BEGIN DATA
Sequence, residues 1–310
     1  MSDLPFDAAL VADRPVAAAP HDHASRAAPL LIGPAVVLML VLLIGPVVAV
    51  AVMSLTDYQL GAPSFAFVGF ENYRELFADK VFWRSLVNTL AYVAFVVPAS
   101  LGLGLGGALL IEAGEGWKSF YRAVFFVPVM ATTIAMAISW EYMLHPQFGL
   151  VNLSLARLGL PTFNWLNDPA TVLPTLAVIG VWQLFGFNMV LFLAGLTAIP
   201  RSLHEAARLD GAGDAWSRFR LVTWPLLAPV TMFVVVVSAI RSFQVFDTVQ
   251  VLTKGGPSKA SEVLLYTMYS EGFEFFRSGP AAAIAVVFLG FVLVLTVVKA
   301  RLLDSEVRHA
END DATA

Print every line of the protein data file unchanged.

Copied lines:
Sequence, residues 1–310
     1  MSDLPFDAAL VADRPVAAAP HDHASRAAPL LIGPAVVLML VLLIGPVVAV
    51  AVMSLTDYQL GAPSFAFVGF ENYRELFADK VFWRSLVNTL AYVAFVVPAS
   101  LGLGLGGALL IEAGEGWKSF YRAVFFVPVM ATTIAMAISW EYMLHPQFGL
   151  VNLSLARLGL PTFNWLNDPA TVLPTLAVIG VWQLFGFNMV LFLAGLTAIP
   201  RSLHEAARLD GAGDAWSRFR LVTWPLLAPV TMFVVVVSAI RSFQVFDTVQ
   251  VLTKGGPSKA SEVLLYTMYS EGFEFFRSGP AAAIAVVFLG FVLVLTVVKA
   301  RLLDSEVRHA